Former head of State, conservative billionaire Sebastián Piñera was elected Chilean president with 54,57% of preferences during this Sunday’s run-off election.

Thus, he is set to succeed sitting president Michelle Bachelet as he surpassed his opponent, independent senator, Alejandro Guillier.

Mr Guillier, a former news anchor, followed him in second place with 45,43% of the votes.

Read as well: Piñera delivers unifying speech after bitter campaign and landslide victory

This will be Mr Piñera’s second term in office. He will be inagurated on 11 March 2018 and will receive the presidential sash from Ms Bachelet just like it already happened on 11 March 2010.

Radio Bio Bio’s statistics team provided this information at 19:22, Chile time. The Electoral Service confirmed that the radio’s results were final at 21:11.


His story

Miguel Juan Sebastián Piñera Echenique, better known as Sebastián Piñera, was born in Santiago on 1 December 1949 to Magdalena Echenique and José Piñera. He is married to Cecilia Morel and has four children: Magdalena, Cecilia, Sebastián and Cristóbal.

He graduated from Universidad Católica with a business major and completed his Ph.D. in Economics at Harvard University in 1976.

He was a senator for West Santiago between 1990 and 1998 and president of Chile between 2010 and 2014, after two unsuccessful candidacies in 1999 and 2005.

Mr Piñera is one of Chile’s most recognized businessmen. In 1997, he entered the private sector as a member of Infinco, a financial and risk assessment consultancy.

In 1978, he was appointed CEO at Banco de Talca, but resigned after the board asked him to leave. In 1979, he created Bancard S.A., company that brought to Chile both Visa and Mastercard.

Later, he went on to buying 16% of LAN, nowadays Latam -an airline-, became a shareholder of Entel -telecommunications- and Blanco y Negro -football-, invested in AntarChile -a fishing, oil and forestry holding- and Quiñenco -a financial, manufacture, energy, transport and port services holding- bought Chilevisión -a TV station- and the pharmaceutical FASA, among others.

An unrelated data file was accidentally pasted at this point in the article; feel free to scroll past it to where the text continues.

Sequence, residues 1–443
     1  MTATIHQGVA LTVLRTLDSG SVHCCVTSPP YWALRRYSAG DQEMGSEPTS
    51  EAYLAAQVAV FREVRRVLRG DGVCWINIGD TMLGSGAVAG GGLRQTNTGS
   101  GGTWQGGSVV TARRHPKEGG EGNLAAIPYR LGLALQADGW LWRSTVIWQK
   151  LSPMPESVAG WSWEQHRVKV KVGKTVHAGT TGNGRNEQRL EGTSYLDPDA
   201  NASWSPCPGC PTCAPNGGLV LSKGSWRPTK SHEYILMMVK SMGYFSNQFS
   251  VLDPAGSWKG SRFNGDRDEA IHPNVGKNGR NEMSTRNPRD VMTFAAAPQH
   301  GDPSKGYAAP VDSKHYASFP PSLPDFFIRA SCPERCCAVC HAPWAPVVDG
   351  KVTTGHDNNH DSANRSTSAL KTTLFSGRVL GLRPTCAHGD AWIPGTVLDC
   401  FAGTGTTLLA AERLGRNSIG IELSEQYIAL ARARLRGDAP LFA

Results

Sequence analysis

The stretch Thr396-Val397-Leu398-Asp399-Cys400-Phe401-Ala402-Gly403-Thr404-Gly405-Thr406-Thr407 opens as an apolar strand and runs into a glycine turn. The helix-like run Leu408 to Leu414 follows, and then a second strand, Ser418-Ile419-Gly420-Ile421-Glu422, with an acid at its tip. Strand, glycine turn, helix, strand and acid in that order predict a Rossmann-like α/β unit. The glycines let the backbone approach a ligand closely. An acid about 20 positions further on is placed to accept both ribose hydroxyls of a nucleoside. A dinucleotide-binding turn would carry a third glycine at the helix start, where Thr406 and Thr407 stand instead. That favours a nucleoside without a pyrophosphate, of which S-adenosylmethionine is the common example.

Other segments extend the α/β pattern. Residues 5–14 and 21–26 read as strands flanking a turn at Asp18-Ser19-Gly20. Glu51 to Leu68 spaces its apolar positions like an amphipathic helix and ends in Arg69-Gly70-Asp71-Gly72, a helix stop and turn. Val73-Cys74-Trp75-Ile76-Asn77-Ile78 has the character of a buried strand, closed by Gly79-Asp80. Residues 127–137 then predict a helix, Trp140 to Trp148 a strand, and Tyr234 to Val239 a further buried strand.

Before his own career in politics, he was no stranger to that world. His father was ambassador to the UN, he is brother to José Piñera, who was a minister during general Pinochet’s dictatorship and he was head of Hernán Büchi’s campaign in 1988, who also had a seat in Pinochet’s cabinet.

He is nephew to Bernardino Piñera, who was Temuco bishop between 1960 and 1977 and archbishop of La Serena between 1983 and 1990. He is also cousin to Andrés Chadwick, a former minister as well.

His name was in the polls even before he decided to run for a second term. When he announced his decision, Piñera was backed by all the right-wing parties and faced a primary, which he won.

The first round was supposed to be a resounding success for him, as all pollsters thought he was going to surpass the 40% mark, though he fell short and gained only 36,64%, followed by the current coalition in power’s candidate, led by president Bachelet, Mr Guillier.

The 8 candidates before the first round. Rodrigo Sáenz | Agencia UNO
The 8 candidates before the first round. Rodrigo Sáenz | Agencia UNO

The campaign on the run-up to the first round was fierce and complex. After that and sure in the knowledge that he needed to appeal to those unhappy with Bachelet’s administration, he moved to the political centre, changing -for example- his opinion about free university fees for the 60% most vulnerable.

During his first term, Mr Piñera defined Education as a “consumer good”. His view of the matter changed a week before the run-off election and stated that he “had always believed it was a public good” and that free-of-charge university should exist to some extent.

His change of mind was key to convince the opposition to pass the project that seeks, in the future, to ensure free university for all.

Mr Piñera also failed to receive the support of important international figures, but he was heavily cheered by Chilean corporate leaders.

On the other hand, Mr Guillier was backed by former Uruguayan president, José Mujica, Britain’s Jeremy Corbin, young people, the left and the centre-left, including Frente Amplio (Broad Front), Chile’s third political force, coalition that abruptly transformed the Congress’ landscape by gaining one senator and twenty representatives in the Lower House after November’s General Election.

Even though his win was unquestionable, Mr Piñera was chosen in an election in which 6.956.121 people participated -both domestically and abroad- out of the 14.308.131 eligible to cast ballots, a 48,6% of the electoral roll.